What is needed is a means of mapping the pore structure and the voids between formations, he says, and to do this, researchers need sensors that are smaller than the pores. So the aim is to create micro- or nanosensors that can not only pass through the pores, but also form mesh networks to create detailed, 3-D maps of the structure of rock formations.
Another possibility with smaller-sized pores is to use magnetic nanoparticles to enhance aboveground sensing techniques, says Adams. By pumping the sensors into a rock formation, it could be possible to map the formation by detecting slight changes that the nanoparticles create in the earth’s magnetic field.
The researchers believe that, in addition to locating and mapping oil and gas, nanoparticles might also be able to help recover the fuels. “The trouble is that the oil in the pores sticks to the walls,” says Adams, even when high-pressure steam is blasted into the rock. The hope is that with the right nanoparticles, the researchers might be able to free the hydrocarbons from the rock.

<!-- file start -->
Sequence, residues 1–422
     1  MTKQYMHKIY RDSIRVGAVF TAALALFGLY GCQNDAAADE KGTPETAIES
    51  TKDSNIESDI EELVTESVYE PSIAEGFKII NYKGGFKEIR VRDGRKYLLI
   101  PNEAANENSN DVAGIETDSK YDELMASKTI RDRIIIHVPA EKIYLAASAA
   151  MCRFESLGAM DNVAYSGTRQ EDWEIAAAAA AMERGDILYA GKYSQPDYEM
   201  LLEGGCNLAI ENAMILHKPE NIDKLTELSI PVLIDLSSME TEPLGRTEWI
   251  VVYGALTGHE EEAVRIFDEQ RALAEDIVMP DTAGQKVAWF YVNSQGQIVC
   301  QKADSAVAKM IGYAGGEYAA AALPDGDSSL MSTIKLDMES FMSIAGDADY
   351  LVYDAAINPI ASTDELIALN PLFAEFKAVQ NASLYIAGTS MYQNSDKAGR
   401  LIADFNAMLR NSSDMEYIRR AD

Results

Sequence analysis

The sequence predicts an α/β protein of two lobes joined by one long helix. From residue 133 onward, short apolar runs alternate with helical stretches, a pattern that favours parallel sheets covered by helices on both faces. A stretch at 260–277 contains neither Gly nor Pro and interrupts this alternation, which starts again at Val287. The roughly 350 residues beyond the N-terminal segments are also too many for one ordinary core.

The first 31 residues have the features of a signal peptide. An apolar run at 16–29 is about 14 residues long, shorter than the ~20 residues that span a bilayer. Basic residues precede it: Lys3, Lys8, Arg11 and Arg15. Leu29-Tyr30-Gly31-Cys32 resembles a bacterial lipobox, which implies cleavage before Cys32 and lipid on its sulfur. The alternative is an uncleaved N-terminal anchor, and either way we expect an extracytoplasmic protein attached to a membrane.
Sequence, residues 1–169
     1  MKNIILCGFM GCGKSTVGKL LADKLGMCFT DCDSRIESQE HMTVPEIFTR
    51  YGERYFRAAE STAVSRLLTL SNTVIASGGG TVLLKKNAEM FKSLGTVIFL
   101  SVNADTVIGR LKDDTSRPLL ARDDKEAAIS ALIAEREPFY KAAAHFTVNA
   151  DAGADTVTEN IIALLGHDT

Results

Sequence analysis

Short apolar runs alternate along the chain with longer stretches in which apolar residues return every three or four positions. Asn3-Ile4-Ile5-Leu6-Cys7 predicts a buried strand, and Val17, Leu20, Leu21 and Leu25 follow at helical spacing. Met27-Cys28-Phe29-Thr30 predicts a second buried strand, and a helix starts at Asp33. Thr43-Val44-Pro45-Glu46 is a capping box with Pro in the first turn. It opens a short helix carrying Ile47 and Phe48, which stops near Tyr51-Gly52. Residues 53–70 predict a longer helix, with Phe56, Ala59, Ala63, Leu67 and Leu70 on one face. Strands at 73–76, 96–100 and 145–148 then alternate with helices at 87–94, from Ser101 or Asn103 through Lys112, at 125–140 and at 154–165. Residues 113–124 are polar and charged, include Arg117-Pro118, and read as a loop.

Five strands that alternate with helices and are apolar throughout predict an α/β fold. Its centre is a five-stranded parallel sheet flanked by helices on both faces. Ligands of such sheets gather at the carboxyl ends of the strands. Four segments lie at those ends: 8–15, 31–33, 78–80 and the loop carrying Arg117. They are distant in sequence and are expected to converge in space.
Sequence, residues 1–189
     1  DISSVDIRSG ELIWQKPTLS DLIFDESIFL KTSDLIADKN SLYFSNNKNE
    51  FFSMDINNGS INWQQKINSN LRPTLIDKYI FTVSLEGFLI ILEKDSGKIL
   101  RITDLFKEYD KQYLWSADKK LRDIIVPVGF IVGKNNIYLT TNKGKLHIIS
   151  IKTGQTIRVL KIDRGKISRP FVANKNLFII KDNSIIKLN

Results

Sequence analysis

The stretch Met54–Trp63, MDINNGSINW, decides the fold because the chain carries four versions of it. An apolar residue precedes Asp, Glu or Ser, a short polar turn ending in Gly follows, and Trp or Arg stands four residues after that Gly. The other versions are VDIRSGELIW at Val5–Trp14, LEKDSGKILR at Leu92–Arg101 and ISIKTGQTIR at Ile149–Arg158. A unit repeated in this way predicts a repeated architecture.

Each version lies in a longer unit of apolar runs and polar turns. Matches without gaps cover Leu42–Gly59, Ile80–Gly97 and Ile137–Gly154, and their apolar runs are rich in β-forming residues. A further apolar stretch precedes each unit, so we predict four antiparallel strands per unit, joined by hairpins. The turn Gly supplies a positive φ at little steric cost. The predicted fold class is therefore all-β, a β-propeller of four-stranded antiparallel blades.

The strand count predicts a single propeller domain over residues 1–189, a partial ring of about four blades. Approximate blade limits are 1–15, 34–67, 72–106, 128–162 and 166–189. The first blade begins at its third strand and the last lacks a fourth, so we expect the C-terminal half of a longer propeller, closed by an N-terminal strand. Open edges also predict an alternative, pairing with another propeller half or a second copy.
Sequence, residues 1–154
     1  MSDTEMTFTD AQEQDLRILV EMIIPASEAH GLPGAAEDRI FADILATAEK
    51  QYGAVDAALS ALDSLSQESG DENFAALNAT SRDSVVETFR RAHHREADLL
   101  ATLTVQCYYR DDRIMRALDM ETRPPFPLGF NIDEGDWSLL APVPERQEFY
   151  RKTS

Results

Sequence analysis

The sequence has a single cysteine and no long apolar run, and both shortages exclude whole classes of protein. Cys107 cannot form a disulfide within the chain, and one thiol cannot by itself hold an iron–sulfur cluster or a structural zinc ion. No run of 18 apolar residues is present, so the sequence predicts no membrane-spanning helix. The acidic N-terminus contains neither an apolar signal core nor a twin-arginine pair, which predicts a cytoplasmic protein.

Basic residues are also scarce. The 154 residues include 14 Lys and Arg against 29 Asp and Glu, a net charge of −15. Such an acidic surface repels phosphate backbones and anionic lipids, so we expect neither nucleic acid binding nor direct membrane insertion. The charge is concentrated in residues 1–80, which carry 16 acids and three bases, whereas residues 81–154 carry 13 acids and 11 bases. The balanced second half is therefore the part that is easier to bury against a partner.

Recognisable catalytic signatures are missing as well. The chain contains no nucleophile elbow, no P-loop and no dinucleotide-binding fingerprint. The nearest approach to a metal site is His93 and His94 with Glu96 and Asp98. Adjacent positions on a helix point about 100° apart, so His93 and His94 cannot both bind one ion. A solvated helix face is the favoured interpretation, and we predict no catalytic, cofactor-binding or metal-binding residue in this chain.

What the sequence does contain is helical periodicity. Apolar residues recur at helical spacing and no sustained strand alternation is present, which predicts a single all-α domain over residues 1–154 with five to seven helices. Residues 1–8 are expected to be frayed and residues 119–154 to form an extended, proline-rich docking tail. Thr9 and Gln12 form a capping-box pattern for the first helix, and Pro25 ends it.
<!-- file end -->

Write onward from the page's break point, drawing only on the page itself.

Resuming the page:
Despite this potential, the energy industry hasn’t shown much interest in nanoparticles until now. It was the high price of oil that caused its change of heart, Adams says. “All the big formations have been tapped, and most fields are in depletion. So cheap and easy oil is getting scarcer,” he says.
Pister agrees. “A huge amount of money has been put into traditional extraction techniques,” he says. But these have reached their limits in existing reservoirs. “They are about as tapped out as they can get.”
However, there are lots of challenges ahead. Little is known about how nanoparticles will flow through porous rock. “And we have not generally designed nanoparticles for use at high temperatures and high pressures, nor for extreme chemical environments,” says Adams. If these problems can be overcome, the payoff is likely to be great.